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Connacht Tribune

Same as it ever was as Brexit continues to hinge on backstop




Ongoing discussions... Taoiseach Leo Varadkar and British Prime Minister Theresa May.

World of Politics with Harry McGee –

There’s a very catchy song in the children’s film, Winnie the Pooh; the Backson is about a terrible monster that puts holes in your socks, sneaks into the library and steals your books and has also robbed Eeyore’s tail.   The animals became aware of this fearsome creature from a note Christopher Robin wrote to them and all go into a state of panic.

It is only on rereading it they realise he wasn’t warning them about the mythical Backson, rather telling them he would be ‘back soon’.

By now you should have spotted the obvious segue to the theme of this week’s column, the Backstop. I’m not saying that the Backstop is mythical, but it’s certainly true that myths have grown up around it.

We have clung to it like a life raft since it was first included in the text of the agreement in December 2016. Essentially, it means that in the event of no agreement being reached between the UK and the EU, the “invisible” border between the North and South will be guaranteed.

It’s been our insurance policy, our buffer, the money we have stuffed under the mattress.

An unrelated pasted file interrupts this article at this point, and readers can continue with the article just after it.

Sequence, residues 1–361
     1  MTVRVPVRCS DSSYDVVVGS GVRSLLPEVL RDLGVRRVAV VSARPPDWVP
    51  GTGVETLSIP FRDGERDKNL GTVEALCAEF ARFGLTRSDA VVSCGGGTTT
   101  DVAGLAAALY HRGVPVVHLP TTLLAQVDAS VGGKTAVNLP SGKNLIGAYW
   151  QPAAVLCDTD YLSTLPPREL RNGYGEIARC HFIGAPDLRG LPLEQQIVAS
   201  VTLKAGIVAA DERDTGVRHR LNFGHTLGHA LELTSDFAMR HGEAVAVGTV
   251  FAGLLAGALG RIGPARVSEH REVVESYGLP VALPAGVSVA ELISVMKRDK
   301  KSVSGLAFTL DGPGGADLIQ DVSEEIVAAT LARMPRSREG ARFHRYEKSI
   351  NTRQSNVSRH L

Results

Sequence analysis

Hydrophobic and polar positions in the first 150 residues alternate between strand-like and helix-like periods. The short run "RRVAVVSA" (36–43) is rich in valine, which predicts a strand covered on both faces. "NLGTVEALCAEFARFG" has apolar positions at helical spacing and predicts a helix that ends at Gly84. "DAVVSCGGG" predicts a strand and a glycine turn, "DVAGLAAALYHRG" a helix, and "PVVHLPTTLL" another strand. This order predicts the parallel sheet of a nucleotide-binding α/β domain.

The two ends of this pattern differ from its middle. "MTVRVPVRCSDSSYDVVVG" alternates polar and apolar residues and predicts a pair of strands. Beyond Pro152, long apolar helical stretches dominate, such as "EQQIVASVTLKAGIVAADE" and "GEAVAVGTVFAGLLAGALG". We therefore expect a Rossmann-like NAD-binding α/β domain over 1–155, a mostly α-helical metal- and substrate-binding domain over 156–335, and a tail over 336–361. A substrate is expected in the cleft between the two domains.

But is it safe as houses? Hardly.

In fairness, the language coming from the other EU 26 since the start of this tedious process has wholeheartedly supported Ireland.

I was in Government Buildings when Donald Tusk, president of the EU Council, said that Ireland’s position was Europe’s position.

All the others, including Jean-Claude Juncker, president of the EU Commission, and the EU’s chief negotiator Michel Barnier, have said the same.

There is no reason to doubt their sincerity but a 100 per cent hold out on the backstop into eternity would require an awful lot of pieces to fall in place.

There are two parts to the negotiations. There’s the single market. The British like some parts of it, particularly around free movements of goods. They don’t like other parts such as the free movement of people.

Immigration was perhaps the main reason that people in Britain voted for Brexit. The UK wants to control its immigration.

But that is incompatible with membership of the single market. The EU has told Britain it can’t pick and choose so it’s either in for everything (including free movement of people) or out.

For more, read this week’s Connacht Tribune.

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Connacht Tribune

Galway to complete vaccine roll-out by end of the summer

Denise McNamara



Ninety-five year old Margaret Kenny was first person to be administered the Covid-19 vaccination Practice Nurse Deirdre Furey at the Surgery Athenry.

On the first anniversary of Covid-19’s deadly arrival into Ireland, the head of the Saolta hospital group has predicted that all who want the vaccine will have received it by the end of the summer.

Tony Canavan, CEO of the seven public hospitals, told the Connacht Tribune that the HSE was planning to set up satellite centres from the main vaccination hub at the Galway Racecourse to vaccinate people on the islands and in the most rural parts of the county.

While locations have not yet been signed up, the HSE was looking at larger buildings with good access that could be used temporarily to carry out the vaccination programme over a short period.